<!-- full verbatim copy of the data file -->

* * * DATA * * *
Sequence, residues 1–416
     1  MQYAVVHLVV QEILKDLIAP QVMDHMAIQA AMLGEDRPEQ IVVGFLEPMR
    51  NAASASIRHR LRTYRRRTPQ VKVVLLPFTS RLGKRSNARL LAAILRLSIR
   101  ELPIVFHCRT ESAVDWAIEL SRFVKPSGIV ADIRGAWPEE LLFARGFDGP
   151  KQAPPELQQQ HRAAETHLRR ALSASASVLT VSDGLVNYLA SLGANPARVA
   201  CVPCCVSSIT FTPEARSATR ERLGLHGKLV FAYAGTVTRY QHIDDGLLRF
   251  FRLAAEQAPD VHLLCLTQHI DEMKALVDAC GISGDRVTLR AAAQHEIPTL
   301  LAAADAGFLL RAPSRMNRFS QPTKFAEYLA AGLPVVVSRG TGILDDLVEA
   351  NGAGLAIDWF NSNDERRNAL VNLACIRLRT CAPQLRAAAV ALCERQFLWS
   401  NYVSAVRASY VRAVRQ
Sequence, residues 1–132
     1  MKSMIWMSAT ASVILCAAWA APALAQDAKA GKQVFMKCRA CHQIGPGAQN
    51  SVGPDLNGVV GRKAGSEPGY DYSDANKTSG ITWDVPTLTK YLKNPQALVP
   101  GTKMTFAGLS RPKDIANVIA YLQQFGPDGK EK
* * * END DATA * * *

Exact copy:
Sequence, residues 1–416
     1  MQYAVVHLVV QEILKDLIAP QVMDHMAIQA AMLGEDRPEQ IVVGFLEPMR
    51  NAASASIRHR LRTYRRRTPQ VKVVLLPFTS RLGKRSNARL LAAILRLSIR
   101  ELPIVFHCRT ESAVDWAIEL SRFVKPSGIV ADIRGAWPEE LLFARGFDGP
   151  KQAPPELQQQ HRAAETHLRR ALSASASVLT VSDGLVNYLA SLGANPARVA
   201  CVPCCVSSIT FTPEARSATR ERLGLHGKLV FAYAGTVTRY QHIDDGLLRF
   251  FRLAAEQAPD VHLLCLTQHI DEMKALVDAC GISGDRVTLR AAAQHEIPTL
   301  LAAADAGFLL RAPSRMNRFS QPTKFAEYLA AGLPVVVSRG TGILDDLVEA
   351  NGAGLAIDWF NSNDERRNAL VNLACIRLRT CAPQLRAAAV ALCERQFLWS
   401  NYVSAVRASY VRAVRQ
Sequence, residues 1–132
     1  MKSMIWMSAT ASVILCAAWA APALAQDAKA GKQVFMKCRA CHQIGPGAQN
    51  SVGPDLNGVV GRKAGSEPGY DYSDANKTSG ITWDVPTLTK YLKNPQALVP
   101  GTKMTFAGLS RPKDIANVIA YLQQFGPDGK EK